Even though the story has been brewing
for months, the mainstream media and the SEC suddenly seem to have decided
that the alleged accounting frauds involving certain U.S.-traded Chinese
companies are the central story of the moment. You can hardly pick up the
business papers or turn on the television these days without encountering some
coverage of this issue. One problem with this sudden torrent of
coverage is that there are now so many items and events that it is easy to fall
behind. To make sure that everyone is on top of the latest, here is a round up
of the most recent news and developments about this continuing story.
Time to Hit Pause on the Litigation
Onslaught?: Plaintiffs' lawyers seem to be engaged in an
old-fashioned race to the courthouse in connection with each new Chinese
company swept up in this story. But when it comes to trying to litigate against
companies based in China, there arguably are some practical reasons to move
with greater deliberation, at least given problems that are likely to arise.
Here, I have in mind not only the distances involved and language barriers, but
even more basic issues - like service of process, for instance.
According to a June 15, 2011 ThompsonReuters News
& Insight article entitled "Plaintiffs Hit First Roadblock in China
Fraud Case," (here)
the plaintiffs in the Duoyuan Printing Inc. securities class action lawsuit
(about which refer here)
have not been able to effect service of process on five of the company's
current and former directors and officers named as defendants in the suit.
The plaintiffs lack the personal addresses for the individuals, who
reside in China. As the story notes, "serving individuals in China is an
arduous and costly process and requires a central Chinese authority to forward
any requests to local Chinese courts."
From the article's account of a recent hearing in the
case, it appears that there may be procedural alternatives available that could
help address this issue in that case. But even if plaintiffs in this and other
cases can overcome the service of process hurdle, there are other issues. As
the article notes, "plaintiffs face numerous obstacles, such as difficulty in
pursuing evidence-gathering in China and limitations on their ability to
collect judgments or legal awards."
This latter point, about the ability to collect any
awards, seems particularly salient. As this wave of accounting scandals has
unfolded, I have frequently wondered whether the plaintiffs' lawyers who are
now rushing into court will see any reward for their labors. Earlier securities
class action lawsuits filed against Chinese companies have hardly resulted in
any sort of massive bonanza. For example, earlier this week, NYSE-traded and
China-based agricultural company Agria Corporation announced (here)
that it had settled the securities class action lawsuit that had been filed
against the company, in exchange for a payment by the company's D&O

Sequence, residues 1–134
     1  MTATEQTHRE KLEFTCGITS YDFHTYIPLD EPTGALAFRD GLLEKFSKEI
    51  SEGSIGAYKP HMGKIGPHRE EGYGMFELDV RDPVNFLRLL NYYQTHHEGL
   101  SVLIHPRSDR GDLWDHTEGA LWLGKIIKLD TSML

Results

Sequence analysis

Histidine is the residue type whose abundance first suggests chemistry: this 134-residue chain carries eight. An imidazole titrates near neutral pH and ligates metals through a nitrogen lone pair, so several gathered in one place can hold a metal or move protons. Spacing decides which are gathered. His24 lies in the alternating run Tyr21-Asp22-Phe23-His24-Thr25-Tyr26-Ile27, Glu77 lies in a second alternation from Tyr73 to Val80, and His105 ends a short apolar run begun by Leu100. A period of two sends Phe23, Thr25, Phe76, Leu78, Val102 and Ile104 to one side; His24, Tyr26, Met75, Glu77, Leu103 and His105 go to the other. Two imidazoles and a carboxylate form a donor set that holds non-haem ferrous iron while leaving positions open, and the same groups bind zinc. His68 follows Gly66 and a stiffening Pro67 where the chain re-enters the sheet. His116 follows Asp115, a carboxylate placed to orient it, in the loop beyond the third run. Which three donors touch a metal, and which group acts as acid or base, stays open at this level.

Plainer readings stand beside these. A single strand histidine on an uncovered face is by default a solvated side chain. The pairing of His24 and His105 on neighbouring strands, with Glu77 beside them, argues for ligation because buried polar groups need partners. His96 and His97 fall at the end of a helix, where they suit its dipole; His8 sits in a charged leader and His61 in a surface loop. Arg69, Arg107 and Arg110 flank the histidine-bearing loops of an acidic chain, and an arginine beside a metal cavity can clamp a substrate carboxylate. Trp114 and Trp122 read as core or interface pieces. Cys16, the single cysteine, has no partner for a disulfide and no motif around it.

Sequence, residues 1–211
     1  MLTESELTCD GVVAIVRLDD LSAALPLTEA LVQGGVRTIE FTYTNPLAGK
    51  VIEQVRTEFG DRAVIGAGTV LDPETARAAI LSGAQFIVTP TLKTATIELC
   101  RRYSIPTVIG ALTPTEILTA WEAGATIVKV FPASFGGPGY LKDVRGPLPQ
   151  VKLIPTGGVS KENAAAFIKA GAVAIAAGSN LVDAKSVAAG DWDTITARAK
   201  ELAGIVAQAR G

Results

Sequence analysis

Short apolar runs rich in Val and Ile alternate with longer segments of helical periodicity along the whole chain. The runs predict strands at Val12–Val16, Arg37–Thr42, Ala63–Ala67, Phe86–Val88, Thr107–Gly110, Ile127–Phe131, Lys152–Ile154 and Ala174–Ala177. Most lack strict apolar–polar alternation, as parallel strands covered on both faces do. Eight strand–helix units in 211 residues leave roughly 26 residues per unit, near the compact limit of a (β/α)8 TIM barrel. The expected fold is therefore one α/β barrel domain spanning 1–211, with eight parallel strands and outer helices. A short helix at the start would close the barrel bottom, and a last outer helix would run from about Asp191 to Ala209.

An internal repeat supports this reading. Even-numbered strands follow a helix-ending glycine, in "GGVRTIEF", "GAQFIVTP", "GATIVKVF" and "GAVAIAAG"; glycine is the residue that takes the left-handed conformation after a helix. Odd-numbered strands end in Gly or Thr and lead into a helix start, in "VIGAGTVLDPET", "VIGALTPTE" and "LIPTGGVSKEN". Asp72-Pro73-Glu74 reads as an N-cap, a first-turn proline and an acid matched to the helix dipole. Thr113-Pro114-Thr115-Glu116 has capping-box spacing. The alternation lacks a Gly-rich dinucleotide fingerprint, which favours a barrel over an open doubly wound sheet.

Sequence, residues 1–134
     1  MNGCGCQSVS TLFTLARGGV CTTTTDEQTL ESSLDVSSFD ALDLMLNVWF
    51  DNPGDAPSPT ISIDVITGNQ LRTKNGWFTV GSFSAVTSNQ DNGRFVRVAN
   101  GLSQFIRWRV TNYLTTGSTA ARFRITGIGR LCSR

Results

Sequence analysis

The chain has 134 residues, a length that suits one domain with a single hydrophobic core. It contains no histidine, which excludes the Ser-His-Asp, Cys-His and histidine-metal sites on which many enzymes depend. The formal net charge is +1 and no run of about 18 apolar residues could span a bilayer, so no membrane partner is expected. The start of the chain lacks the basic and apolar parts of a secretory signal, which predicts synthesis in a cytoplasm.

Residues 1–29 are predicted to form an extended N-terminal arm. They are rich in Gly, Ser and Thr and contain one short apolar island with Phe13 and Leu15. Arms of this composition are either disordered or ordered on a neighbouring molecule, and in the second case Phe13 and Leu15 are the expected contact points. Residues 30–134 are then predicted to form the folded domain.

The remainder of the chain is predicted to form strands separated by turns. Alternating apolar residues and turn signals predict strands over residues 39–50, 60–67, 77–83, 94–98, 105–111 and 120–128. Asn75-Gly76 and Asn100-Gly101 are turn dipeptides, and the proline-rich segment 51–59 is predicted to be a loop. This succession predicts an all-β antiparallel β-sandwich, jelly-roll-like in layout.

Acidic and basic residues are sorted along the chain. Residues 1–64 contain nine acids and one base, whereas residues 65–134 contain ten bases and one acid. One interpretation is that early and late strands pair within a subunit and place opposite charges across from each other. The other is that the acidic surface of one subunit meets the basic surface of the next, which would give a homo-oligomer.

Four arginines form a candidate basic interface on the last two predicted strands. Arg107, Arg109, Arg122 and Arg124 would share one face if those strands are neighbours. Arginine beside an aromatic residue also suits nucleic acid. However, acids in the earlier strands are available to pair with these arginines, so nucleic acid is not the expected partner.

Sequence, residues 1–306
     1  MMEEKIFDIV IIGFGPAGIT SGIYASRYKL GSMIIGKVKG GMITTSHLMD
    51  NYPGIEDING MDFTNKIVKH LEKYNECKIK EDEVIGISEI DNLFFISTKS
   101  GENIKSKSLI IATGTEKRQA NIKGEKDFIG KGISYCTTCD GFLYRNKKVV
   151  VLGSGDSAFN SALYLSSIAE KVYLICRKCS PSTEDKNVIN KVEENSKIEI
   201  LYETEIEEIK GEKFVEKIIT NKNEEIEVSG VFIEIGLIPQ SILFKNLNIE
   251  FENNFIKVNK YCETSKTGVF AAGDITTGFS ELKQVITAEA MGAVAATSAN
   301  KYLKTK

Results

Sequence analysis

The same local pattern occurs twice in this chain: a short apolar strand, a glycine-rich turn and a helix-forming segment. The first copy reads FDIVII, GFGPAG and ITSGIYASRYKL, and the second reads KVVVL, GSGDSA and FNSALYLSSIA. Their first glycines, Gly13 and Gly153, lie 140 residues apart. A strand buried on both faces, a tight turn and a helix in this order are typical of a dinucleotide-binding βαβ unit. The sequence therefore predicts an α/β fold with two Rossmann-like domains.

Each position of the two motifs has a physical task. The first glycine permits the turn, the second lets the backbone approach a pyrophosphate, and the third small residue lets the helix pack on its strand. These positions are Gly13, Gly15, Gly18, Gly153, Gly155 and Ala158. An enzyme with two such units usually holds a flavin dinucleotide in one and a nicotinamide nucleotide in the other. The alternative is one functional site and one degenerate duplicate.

insurers of $3.75 million. While $3.75 million is a respectable sum, it does
raise the question whether, if that amount is representative of the settlement
range for these kinds of suits, these cases will wind up being worth it
for the plaintiffs' lawyers, given the practical, logistical and legal barriers
these cases entail.
Of course, the plaintiffs' lawyers intend to engage in a
for-profit enterprise, so they clearly must think these cases will prove worth
pursuing. We shall see. From what I have seen of the D&O limits that many
of these companies carry, it could all turn out otherwise.
The Role of the Auditors: In
a June 13, 2011 post on the New York Times Dealbook blog, Wayne State
University Law Professor Peter
Henning wrote an interesting column entitled "The Importance of Being
in which he examines the critical role the auditors have played in raising
questions about many of these companies. A problem that can arise when the
auditors raise questions or even resign is that the companies involved may
delay reporting these auditor actions. As Henning details in his column, these
delays have in some cases been substantial.
But while the auditors have served a key role identifying
many of the companies that have accounting concerns, some auditors have also
found themselves targeted for alleged complicity in the misstatements. As
detailed in a June 9, 2011 Reuters article entitled "Auditors Face Suits
Over U.S.-Listed Chinese Blowups" (here), recent
securities lawsuits involving Chinese companies have in some instances also
included the companies' auditors as defendants. Among the recent cases cited in
the article are those involving Puda Coal and China Integrated Energy.
Other case mentioned in which the auditors have been sued include those
involving China MediaExpress and Orient Paper.
In addition, the recent lawsuit
filed in Ontario involving Sino-Forest also named the company's auditor as a
defendant. In a June 9, 2011 New York Times article entitled "Troubled
Audit Opinions" (here),
Floyd Norris examined the role of Sino-Forest's auditor, the Toronto office of
Ernst & Young, in the accounting questions surrounding the company. On the
one hand, the audit firm issued a clean audit opinion. On the other hand,
serious questions have been raised in the media about Sino-Forest (see below).